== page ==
Your baby is most comfortable on her stomach because that is how she has spent a majority of her life. Tummy time is unfamiliar and physically tough because all those muscles haven’t been worked out enough to give her any range or motion. She may even feel abandoned in that position because she can’t move her head to see around. However. the reasons your baby is uncomfortable are the reasons she needs the practice. She’ll use tummy time to learn how to roll over, crawl, stand up, cruise, and walk. Here’s how you can help.
1. Have tummy time on the bed.
If laying on the floor isn’t your thing, lay baby on your bed. Sit or kneel on the floor so you are eye-level with baby. Baby will have a soft surface and you’ll be able to comfortably interact. Remember not to walk away even for a second. One of my babies rolled over at 10 days old. Falls happen more often that you think.
2. Provide some entertainment.
Give your baby something to do to keep her mind off the uncomfortable position. Bring a favorite toy or book within reach. It’s worth it to invest in a toy designed for tummy time that has a variety of switches, noisemakers, mirrors, and moving pieces.
3. Get your timing right.
Like anything else, it’s a bad idea to introduce your baby to something new when she’s already cranky. Try to schedule tummy time long enough after feeding so she has had some time to digest, but not so close to the next feeding that her tummy is empty. When she starts to get fussy on her tummy, coax her to stay for a few more minutes. When the crying starts, the session is over. Her tolerance will increase with each session until one day she can roll over on her own and tummy time is a thing of the past.
4. Get down on the floor with baby.
The surest way to make your punkin more comfortable is to be right there beside her. Lay on the ground next to her so she can see your face and know she’s safe. With a few toys you can help baby work out her muscles by reaching and pushing herself around.
5. Lay something soft beneath baby.
You or I wouldn’t want to lay stomach-down on a hard surface and neither does your baby. Lay her down on a play mat or soft surface so she doesn’t hurt herself on tile, wood, or linoleum. The PunkinWrap is a great tummy time surface – it’s soft, but not bulky, so it’s easy to carry on-the-go. If you are visiting friends or family with pets or less that stellar cleaning habits, lay the PunkinWrap on top of the rug, carpet, or a blanket and you don’t have to worry about pet hair, dust, or dirt in your baby’s hands or mouth.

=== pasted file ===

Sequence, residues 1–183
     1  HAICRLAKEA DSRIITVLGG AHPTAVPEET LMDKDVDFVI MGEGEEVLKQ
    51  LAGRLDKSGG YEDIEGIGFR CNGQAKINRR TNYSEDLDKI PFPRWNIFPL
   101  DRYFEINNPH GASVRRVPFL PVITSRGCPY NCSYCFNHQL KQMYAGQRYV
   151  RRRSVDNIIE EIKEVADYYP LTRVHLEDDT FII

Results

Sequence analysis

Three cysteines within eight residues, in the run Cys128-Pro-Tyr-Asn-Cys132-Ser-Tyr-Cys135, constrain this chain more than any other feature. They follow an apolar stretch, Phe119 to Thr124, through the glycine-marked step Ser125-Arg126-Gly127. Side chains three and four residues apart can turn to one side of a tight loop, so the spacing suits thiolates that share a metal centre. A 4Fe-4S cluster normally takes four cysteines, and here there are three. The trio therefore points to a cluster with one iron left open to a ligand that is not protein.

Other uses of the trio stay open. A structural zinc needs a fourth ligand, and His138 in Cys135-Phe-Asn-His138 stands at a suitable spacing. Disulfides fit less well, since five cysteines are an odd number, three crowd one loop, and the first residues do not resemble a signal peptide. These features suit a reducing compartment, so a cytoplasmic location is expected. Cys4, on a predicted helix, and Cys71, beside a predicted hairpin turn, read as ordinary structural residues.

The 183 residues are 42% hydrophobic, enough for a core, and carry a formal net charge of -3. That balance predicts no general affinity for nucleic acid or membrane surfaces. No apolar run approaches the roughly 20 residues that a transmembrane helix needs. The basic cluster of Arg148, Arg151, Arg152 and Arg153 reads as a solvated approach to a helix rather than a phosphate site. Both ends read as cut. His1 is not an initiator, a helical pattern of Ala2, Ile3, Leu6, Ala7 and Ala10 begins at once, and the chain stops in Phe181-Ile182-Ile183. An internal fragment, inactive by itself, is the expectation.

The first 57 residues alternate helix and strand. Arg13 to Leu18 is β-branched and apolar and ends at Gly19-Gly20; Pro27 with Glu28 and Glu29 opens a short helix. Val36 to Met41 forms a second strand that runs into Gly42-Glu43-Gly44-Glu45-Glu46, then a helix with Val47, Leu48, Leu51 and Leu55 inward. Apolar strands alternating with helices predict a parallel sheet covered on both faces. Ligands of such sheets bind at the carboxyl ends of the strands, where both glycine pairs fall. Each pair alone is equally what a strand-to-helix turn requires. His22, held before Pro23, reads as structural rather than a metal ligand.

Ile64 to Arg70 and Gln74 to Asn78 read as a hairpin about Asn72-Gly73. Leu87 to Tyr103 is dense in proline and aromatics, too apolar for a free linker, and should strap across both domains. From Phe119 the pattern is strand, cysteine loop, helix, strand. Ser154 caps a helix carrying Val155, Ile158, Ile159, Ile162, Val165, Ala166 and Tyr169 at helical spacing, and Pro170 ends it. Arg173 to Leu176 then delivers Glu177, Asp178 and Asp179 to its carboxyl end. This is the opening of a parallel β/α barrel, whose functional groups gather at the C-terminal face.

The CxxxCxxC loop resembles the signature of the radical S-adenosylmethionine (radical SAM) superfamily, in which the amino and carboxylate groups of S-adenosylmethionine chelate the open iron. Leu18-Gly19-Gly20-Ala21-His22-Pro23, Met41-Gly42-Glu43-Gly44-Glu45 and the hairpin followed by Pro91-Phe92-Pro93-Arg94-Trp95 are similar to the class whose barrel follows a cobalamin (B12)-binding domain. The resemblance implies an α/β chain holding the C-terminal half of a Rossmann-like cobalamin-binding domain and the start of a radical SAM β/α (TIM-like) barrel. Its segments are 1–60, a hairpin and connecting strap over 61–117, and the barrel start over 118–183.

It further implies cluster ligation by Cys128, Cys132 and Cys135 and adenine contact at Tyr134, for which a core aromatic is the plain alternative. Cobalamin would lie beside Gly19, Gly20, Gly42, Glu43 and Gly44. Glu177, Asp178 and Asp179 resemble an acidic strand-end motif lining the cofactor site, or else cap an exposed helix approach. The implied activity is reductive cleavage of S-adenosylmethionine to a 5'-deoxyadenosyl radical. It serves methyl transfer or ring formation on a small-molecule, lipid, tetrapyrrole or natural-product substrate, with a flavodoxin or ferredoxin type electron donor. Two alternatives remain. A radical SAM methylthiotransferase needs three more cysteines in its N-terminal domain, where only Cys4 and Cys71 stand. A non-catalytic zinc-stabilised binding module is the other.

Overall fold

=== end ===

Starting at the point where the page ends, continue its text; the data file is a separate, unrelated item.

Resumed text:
6. Have tummy time on your tummy.
The goal of tummy time is to stimulate your baby and offer a chance to work out the legs, arms, chest, and abdomen. It doesn’t have to be on the floor. Lay on your back and let baby lay on your stomach. The proximity to you will quell any anxiety and offer lots of fun interaction.
7. Prop baby up.
Sometimes discomfort comes from being at an unfamiliar angle…especially if baby is digesting her last meal. Using a nursing pillow or simply a rolled towel, you can prop baby up underneath her belly so she has a better view of the world. This will also encourage her to hold her head up and move it around to see the room.
Guest Blog by Laura Gravett, Inventor of PunkinWrap
Laura, a mom of two, is the inventor of PunkinWrap, a multi-use car seat cover and baby wrap. PunkinWrap is the only wrap purposely designed to multi-task as a blanket, car seat cover, sunshade, changing pad, tummy time mat, and nursing cover. The 7-in-one baby solution can be placed over baby while nursing, over the car seat, or over the stroller to keep baby protected from the sun at all times. The wrap is lightweight and breathable so baby is always comfy. Plus, it also gives baby privacy while sleeping and protects him from the other elements like rain and wind.
More so, Laura is a former nanny with a degree in psychology who formerly worked at Yale University doing research. As an Atlanta native and currently residing in the best suburb of Atlanta: Roswell, Laura and her husband love their community. Laura volunteers on various committees in their city to help give back in any way she can. Laura and her husband spent several years taking care of rescue dogs – transport, intakes, fostering, etc. and had to step away a bit once they had their first child. The Gravetts now have two children (girls ages 3 and 10 months) and three rescue dogs.
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